Credit card lending expanded significantly

The amount of new credit cards issued during the first eight months of the year grew significantly during the first eight months of the year, and overall consumer debt is now approaching pre-recession levels.

Consumers may be more comfortable using credit cards and dealing with debt these days, according to new statistics from the latest National Credit Trends Report from the credit monitoring bureau Equifax. Consumers increased the amount of new credit cards they opened with banks between January and August by 25 percent over last year’s amount, with a total of 25.3 million new cards issued. That’s compared with just 20.2 million opened in the same period last year. Meanwhile, there were 21 million new retail credit cards issued between January and August, compared with 19.7 million in the same eight months in 2010.

One area on which lenders seem to be focusing in particular these days is subprime borrowers, whose credit scores are less than 600, the report said. The number of new accounts issued to these consumers expanded 56 percent over last year’s January through August totals, indicating that lenders are once again slackening credit standards as the effects of the recession continue to recede.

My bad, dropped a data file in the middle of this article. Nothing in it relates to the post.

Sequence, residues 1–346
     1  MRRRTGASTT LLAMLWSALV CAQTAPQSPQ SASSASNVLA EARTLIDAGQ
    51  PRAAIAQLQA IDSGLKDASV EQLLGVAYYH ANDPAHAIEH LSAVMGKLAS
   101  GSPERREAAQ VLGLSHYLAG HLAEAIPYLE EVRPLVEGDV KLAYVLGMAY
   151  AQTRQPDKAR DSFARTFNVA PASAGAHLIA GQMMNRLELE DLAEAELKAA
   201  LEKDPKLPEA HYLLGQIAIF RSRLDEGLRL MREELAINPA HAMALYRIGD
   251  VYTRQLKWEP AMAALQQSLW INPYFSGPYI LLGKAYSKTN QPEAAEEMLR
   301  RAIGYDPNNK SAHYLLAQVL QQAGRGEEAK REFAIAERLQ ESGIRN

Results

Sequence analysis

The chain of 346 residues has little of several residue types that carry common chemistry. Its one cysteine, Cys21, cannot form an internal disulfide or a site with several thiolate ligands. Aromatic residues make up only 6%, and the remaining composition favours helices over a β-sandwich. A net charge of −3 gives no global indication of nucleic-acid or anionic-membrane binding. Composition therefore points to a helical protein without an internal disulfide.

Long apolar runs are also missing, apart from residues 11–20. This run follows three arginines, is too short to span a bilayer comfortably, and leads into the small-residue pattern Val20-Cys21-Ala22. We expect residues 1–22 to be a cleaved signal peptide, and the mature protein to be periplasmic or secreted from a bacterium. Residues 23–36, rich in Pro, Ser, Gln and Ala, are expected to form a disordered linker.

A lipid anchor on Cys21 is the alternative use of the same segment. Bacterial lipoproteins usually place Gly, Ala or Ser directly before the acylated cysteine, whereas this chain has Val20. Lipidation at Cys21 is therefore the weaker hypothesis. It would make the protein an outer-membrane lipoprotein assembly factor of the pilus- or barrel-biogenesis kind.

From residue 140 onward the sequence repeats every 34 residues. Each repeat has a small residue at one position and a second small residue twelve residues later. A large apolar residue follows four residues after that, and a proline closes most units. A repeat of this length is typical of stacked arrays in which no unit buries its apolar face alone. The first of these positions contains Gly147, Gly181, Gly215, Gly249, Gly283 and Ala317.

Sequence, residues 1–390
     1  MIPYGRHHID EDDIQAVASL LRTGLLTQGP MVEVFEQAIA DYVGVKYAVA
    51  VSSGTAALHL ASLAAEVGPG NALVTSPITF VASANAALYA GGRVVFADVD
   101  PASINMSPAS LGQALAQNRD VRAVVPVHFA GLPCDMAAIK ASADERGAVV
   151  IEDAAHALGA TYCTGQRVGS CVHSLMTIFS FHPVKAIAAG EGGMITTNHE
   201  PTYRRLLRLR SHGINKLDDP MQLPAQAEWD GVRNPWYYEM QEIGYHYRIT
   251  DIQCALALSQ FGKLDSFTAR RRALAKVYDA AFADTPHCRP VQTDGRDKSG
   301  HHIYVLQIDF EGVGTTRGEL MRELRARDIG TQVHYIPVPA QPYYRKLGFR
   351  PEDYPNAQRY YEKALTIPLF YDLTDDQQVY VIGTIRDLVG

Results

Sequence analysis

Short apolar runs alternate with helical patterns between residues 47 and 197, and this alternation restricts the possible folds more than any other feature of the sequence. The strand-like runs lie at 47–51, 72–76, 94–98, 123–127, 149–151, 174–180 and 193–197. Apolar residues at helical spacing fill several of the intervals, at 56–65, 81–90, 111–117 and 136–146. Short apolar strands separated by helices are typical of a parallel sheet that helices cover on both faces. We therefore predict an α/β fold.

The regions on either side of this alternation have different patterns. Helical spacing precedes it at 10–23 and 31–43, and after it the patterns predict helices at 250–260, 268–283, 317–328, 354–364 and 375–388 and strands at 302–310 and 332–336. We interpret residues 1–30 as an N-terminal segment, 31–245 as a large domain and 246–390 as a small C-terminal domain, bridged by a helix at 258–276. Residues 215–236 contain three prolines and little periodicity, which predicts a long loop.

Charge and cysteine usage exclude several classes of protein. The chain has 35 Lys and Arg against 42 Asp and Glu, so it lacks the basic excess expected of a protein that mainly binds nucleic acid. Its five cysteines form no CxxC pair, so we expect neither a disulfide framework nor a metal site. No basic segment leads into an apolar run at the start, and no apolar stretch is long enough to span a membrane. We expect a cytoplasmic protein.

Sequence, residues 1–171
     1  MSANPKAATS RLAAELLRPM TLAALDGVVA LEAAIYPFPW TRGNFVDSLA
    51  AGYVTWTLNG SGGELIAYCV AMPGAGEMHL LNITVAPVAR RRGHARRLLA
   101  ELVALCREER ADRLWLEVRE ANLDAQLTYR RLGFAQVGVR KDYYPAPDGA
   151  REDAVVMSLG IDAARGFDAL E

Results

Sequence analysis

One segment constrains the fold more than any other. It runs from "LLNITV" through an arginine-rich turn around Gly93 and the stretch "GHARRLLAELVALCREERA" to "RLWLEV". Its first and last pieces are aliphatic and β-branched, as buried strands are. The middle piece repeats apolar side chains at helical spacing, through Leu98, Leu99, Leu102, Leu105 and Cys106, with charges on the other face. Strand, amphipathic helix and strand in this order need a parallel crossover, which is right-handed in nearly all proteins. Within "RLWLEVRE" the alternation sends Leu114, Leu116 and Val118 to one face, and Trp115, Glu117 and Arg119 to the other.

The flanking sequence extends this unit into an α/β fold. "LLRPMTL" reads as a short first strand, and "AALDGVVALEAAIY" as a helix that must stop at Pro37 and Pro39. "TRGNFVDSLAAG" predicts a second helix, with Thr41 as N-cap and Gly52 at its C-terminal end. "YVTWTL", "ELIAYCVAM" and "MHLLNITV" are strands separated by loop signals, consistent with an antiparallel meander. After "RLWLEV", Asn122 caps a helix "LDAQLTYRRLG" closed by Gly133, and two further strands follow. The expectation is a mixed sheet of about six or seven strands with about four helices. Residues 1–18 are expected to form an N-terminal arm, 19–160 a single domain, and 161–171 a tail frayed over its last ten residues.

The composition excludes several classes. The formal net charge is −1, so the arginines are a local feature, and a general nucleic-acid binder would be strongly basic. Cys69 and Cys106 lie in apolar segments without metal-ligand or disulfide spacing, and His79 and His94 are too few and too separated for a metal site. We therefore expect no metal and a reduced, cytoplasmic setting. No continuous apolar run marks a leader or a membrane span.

Meanwhile, the amount of money consumers saw issued for all types of consumer credit – such as auto loans, student loans, credit cards and home equity – still lagged behind pre-recession levels significantly, the report said. The 25.3 million new accounts had a combined total of $514 billion in credit, which is considerably lower than the January through August, 2006, total of $942 billion.

“On the whole, the lending industry is experiencing dramatically mixed results depending on sector,” said Michael Koukounas, senior vice president of special client services for Equifax. “Bank credit card and auto lending, in particular, have consistently performed strongly this year, providing some ground for optimism, but the severe retraction within home equity lending continues to underscore the level of impact that declining home values are having on the economy.”

Consumers in general are clearly feeling better about their financial situations and are therefore borrowing more on their credit cards accordingly. That trend is expected to continue in the coming months as a result of the usual seasonal growth in borrowing seen every year around the holiday shopping season.

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